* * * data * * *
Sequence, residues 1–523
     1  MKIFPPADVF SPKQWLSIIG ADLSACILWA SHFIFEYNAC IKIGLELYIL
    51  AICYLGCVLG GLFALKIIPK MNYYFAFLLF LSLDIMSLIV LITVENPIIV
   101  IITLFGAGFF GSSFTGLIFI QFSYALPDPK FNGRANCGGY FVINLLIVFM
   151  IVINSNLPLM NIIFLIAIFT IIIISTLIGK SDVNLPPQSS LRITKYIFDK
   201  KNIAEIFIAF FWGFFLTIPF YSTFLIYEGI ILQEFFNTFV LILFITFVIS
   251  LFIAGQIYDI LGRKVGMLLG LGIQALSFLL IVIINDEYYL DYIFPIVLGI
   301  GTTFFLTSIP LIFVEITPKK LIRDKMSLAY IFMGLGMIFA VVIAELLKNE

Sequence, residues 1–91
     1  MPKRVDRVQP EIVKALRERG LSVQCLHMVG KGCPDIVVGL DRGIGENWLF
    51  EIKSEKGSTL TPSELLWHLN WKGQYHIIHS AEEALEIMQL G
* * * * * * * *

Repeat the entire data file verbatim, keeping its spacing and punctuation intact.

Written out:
Sequence, residues 1–523
     1  MKIFPPADVF SPKQWLSIIG ADLSACILWA SHFIFEYNAC IKIGLELYIL
    51  AICYLGCVLG GLFALKIIPK MNYYFAFLLF LSLDIMSLIV LITVENPIIV
   101  IITLFGAGFF GSSFTGLIFI QFSYALPDPK FNGRANCGGY FVINLLIVFM
   151  IVINSNLPLM NIIFLIAIFT IIIISTLIGK SDVNLPPQSS LRITKYIFDK
   201  KNIAEIFIAF FWGFFLTIPF YSTFLIYEGI ILQEFFNTFV LILFITFVIS
   251  LFIAGQIYDI LGRKVGMLLG LGIQALSFLL IVIINDEYYL DYIFPIVLGI
   301  GTTFFLTSIP LIFVEITPKK LIRDKMSLAY IFMGLGMIFA VVIAELLKNE

Sequence, residues 1–91
     1  MPKRVDRVQP EIVKALRERG LSVQCLHMVG KGCPDIVVGL DRGIGENWLF
    51  EIKSEKGSTL TPSELLWHLN WKGQYHIIHS AEEALEIMQL G